Today, the state Senate of New York -- or at least quite a few of its senators -- showed just how cowardly and self-serving American politics has become. When, after a year of lobbying and many failed attempts (which were likened by Joe Jervis of Joe.My.God to Lucy never letting Charlie Brown kick the football) to bring the issue of marriage equality to a vote, legislation finally reached the Senate floor today.
Given the political climate (the defeats in Maine, California -- and just about every place else in the country), I didn't really expect the measure to pass. The political climate is also why I shouldn't be surprised that the vote was as lopsided as it was: 38-24. In the months and weeks leading up to this vote that was on-again-off-again several times, it was thought the measure's backers might have as many as 35 votes. Although that was optimistic at best, backers thought they had a real chance at getting 32 votes, the amount needed to pass, and certainly expected to receive 30 votes, or very close to it.
But two interesting things happened when the bill hit the floor. First, only one senator, Ruben Diaz, chose to speak against the measure. (And he a Democrat, no less. Has he read the Democratic party platform?) And his primary argument was the only one opponents of marriage equality can use, since there is no logical reason to deny it -- the Bible. Second, those nearly 30 votes quickly contracted to 24 when it became clear the measure would not pass.
After all, with such a hot-button issue, why be on the side of equality and justice when it's clear most voters aren't? Forget that you're supposed to be a leader, not just a mouthpiece for any bigotry a majority of people feel comfortable with. Just dodge the civil rights issue of your time and enjoy the benefits of re-election and the perks of power. But don't expect history to treat you as kindly.
That's why the Republicans (and Democrats) who lost their chance to be on the right side of the issue didn't speak up; they know, in their heart of hearts, that they couldn't argue against equality without appearing either foolish for taking a position that defies logic, or advocating theocracy. (Something Ruben Diaz was happy to do, saying legislators ought to consult their Bibles when making legislation.)
Once the vote was complete though, the Republicans started talking. “Certainly this is an emotional issue and an important issue for many New Yorkers,” said Senator Tom Libous, the deputy Republican leader. “I just don’t think the majority care too much about it at this time because they’re out of work, they want to see the state reduce spending, and they are having a hard time making ends meet. And I don’t mean to sound callous, but that’s true.”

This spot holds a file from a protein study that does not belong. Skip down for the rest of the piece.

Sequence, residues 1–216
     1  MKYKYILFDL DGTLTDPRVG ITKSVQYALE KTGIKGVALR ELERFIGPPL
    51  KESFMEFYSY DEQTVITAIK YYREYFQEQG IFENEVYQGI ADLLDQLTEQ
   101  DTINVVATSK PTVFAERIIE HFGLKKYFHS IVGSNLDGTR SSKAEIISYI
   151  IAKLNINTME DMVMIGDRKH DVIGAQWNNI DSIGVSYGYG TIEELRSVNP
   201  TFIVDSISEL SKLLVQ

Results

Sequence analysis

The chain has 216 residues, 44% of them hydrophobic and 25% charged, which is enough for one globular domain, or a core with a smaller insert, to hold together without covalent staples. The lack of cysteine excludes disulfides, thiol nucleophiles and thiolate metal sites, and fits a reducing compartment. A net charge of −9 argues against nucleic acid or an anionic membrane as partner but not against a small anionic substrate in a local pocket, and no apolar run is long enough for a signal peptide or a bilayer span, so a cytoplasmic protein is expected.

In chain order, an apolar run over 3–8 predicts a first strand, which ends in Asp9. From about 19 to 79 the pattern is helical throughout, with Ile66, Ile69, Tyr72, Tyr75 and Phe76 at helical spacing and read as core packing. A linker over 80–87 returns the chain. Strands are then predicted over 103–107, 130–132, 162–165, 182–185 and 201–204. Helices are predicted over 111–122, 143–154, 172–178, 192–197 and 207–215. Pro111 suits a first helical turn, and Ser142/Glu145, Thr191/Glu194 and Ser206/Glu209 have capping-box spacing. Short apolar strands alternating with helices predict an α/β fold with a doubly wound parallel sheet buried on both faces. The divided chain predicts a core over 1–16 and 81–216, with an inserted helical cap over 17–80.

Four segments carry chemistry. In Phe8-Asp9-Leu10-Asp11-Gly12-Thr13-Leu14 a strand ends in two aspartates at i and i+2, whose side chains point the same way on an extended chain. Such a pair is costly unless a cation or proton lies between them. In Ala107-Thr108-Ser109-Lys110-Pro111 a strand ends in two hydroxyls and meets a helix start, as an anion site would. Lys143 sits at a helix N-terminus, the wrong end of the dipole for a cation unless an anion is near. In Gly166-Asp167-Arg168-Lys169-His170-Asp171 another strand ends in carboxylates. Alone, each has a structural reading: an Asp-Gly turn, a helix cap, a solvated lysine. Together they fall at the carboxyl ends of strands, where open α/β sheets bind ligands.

What? True that you sound callous, or that you are callous?
But beyond that, what does extending the rights and responsibilities of marriage to LGBT people have to do with unemployment or state spending? Nothing, of course. But LGBT people are a convenient (and relatively powerless) minority, and this issue makes for a lovely distraction from the fact that the economy still sucks for working people. So the right latches on to this issue as a way to show they are still in touch with the feelings of the common man. And when it comes time to justify their votes, they don't talk about the issue itself, but use popular opinion as an excuse for why they can't do the right thing. Sickening.
But as posters plastered throughout London during the Blitz said, "Keep Calm and Carry On." LGBT Americans are in a somewhat similar position as Londoners in the early days of WWII. We face the attacks of a powerful, evil (though they think they are doing the right thing) enemy, but if we keep our heads down, go about our business and keep pointing out what the right thing really is, the enemy will one day be driven back.
We lost today. Equality will ultimately be victorious.